School Committee Seeks Raise, Would be First Increase Since 2008

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A lot of money was raised and spent on the 2015 Watertown Election.

The Watertown School Committee voted to request a pay raise for its members on Monday night, and the increase would not take effect until the next term.

The pay hike would be from $3,200 a year to $4,500 a year, but the request must first be approved by the Town Council.

The request came because School Committee members who have to find childcare during meetings say the pay does not cover that cost.

“After everything is taken out, we get less than $200 a month,” said School Committee member Lily Rayman-Read. “The cost of child care for multiple meetings (each month) is more than that.”

The School Committee has not had a salary hike since 2008. A subgroup of the School Committee looked at what other towns pay their School Committees, and found a wide range.

“Salaries ranged from $100 to $6,500 in Woburn where $2,000 was a travel stipend,” said Town Council President Mark Sideris, who also sits on the School Committee.

School Committee member Lindsay Mosca noted that it was difficult to find information on many districts, particularly those inside Rte. 128.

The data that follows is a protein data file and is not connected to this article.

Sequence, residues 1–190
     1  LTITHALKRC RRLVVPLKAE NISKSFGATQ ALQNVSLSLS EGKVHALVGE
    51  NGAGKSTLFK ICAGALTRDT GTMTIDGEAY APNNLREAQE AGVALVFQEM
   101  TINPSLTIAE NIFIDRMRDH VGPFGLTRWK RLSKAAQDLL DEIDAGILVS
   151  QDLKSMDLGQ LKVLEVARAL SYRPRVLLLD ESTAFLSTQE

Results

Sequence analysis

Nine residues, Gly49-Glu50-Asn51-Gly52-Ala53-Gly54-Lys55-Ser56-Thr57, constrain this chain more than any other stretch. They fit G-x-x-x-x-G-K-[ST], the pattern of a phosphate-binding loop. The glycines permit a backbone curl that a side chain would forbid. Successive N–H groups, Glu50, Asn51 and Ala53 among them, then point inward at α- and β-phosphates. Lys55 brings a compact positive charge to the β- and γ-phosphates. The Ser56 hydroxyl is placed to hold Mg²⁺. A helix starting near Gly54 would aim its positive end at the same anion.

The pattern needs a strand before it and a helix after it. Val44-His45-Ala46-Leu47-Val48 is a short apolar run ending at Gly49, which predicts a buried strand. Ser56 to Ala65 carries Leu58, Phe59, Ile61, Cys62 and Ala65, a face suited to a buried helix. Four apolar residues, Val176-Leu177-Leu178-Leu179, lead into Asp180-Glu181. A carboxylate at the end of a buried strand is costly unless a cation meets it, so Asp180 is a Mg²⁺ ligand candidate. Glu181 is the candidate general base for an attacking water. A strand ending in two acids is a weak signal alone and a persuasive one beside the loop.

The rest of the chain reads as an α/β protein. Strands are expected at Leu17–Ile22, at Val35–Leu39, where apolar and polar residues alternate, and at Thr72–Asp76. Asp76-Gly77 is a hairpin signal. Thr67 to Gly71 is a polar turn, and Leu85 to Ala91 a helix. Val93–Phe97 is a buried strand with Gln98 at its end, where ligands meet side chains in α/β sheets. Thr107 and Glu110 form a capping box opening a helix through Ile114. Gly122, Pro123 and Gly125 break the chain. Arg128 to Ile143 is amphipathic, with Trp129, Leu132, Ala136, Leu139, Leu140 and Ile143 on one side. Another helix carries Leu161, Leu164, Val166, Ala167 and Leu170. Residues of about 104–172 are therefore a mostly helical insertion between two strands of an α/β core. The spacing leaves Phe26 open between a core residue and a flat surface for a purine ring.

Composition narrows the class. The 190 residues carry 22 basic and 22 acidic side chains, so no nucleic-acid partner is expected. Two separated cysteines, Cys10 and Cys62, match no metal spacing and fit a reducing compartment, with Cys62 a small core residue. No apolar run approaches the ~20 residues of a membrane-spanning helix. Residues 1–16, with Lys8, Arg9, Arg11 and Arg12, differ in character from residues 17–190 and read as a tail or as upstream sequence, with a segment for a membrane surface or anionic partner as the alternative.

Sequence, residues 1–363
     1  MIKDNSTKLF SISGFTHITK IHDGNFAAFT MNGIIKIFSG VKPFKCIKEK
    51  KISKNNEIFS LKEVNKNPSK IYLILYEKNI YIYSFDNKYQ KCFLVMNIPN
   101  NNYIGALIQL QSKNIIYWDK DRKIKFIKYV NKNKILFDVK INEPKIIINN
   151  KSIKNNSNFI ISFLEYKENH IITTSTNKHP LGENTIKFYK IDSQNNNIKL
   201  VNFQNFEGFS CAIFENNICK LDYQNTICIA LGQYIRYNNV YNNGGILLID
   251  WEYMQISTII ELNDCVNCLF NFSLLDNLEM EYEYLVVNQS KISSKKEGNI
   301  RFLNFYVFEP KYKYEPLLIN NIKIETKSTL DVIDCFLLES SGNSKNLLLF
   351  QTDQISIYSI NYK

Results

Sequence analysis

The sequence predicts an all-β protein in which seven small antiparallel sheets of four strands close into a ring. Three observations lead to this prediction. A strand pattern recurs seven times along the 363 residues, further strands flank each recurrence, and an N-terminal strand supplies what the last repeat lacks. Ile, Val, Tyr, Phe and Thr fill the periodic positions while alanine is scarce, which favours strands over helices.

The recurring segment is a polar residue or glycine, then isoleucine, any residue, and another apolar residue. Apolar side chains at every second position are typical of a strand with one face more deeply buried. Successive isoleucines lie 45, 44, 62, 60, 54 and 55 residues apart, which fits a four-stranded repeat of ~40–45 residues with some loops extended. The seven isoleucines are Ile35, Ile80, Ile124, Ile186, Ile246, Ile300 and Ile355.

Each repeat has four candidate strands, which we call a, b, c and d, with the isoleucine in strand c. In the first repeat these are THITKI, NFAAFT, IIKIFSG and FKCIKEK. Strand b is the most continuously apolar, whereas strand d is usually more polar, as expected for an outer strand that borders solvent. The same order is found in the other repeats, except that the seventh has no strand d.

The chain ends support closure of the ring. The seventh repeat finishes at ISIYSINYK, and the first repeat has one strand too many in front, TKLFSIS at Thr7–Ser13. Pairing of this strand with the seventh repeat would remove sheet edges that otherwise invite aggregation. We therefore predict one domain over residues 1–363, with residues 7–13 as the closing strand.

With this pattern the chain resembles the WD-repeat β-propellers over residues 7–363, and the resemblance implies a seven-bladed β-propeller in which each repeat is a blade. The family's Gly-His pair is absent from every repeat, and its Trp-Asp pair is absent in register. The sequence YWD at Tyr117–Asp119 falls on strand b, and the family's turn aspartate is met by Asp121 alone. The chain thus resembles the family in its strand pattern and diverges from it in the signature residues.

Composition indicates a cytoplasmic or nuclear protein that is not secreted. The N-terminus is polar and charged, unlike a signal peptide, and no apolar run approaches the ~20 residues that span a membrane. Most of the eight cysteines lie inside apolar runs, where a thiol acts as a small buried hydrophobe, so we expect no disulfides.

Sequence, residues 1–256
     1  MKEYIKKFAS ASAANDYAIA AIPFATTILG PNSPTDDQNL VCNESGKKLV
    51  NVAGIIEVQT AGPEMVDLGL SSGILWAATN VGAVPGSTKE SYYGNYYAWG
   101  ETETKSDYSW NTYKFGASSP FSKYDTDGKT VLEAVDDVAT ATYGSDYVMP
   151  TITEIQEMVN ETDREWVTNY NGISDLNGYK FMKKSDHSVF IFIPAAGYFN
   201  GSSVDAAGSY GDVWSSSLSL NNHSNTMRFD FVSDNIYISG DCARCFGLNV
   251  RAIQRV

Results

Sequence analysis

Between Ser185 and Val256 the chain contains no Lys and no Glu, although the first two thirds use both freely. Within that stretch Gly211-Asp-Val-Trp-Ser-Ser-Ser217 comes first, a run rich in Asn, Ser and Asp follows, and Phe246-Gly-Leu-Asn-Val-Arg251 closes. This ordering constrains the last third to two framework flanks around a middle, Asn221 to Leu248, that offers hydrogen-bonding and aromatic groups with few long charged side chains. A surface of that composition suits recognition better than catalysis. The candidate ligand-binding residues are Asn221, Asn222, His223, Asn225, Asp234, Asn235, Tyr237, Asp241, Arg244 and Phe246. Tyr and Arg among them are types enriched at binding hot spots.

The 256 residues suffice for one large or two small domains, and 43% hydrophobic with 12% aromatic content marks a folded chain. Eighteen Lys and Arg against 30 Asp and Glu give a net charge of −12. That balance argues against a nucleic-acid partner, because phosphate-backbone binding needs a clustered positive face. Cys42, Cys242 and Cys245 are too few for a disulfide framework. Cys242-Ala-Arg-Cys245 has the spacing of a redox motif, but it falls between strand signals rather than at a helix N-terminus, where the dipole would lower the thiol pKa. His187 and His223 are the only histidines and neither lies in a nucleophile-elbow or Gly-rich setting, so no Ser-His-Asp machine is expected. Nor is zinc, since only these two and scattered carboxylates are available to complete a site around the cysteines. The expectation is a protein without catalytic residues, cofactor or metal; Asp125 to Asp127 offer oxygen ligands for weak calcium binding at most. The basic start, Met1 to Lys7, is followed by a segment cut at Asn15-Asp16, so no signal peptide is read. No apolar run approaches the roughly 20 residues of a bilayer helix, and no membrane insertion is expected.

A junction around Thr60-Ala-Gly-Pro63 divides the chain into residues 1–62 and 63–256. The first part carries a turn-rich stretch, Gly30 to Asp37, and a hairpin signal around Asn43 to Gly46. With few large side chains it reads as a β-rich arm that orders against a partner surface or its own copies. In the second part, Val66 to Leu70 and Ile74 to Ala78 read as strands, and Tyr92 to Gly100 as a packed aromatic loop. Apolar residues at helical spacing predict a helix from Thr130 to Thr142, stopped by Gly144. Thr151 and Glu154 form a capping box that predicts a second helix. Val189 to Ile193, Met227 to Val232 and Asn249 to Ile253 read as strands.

School Committee Chairman John Portz did some calculations of compound increases if the salary went up 2 percent and 2.5 percent each year and found that with 2 percent the total would be about $4,000 and with 2.5 percent it would be about $4,200.

Portz said that he was thinking he might recommend a salary lower than $4,500. He added that the expectations for School Committee members has increased over the last several years.

“Four months a year we meet twice,” Portz said. “That was not the case five years ago. And we do meet in the summer more.”

Sideris added that School Committee members also attend more subcommittee meetings, too.

School Committee member Eileen Hsu-Balzer said even with the increase the amount still will not be a large amount of cash.

“No one runs for School Committee to get rich, or if they do they are misguided,” Hsu-Balzer said. “However, if someone does not run for School Committee because of the cost, that would be sad.”

The decision had to be made at the meeting, Sideris said, because any raise must be approved within the first 18 months of the term, which ends on June 30, 2019. Also, the proposal must be on the Town Council’s agenda twice in June, Sideris said, before it could approved. If not done now, the next time the School Committee could vote on it would be January, and the raise would not take effect until 2022.

The School Committee voted unanimously to recommend that the Town Council approve a pay increase for the committee to $4,500. The raise would take effect at the beginning of the next term, which begins Jan. 1, 2020.

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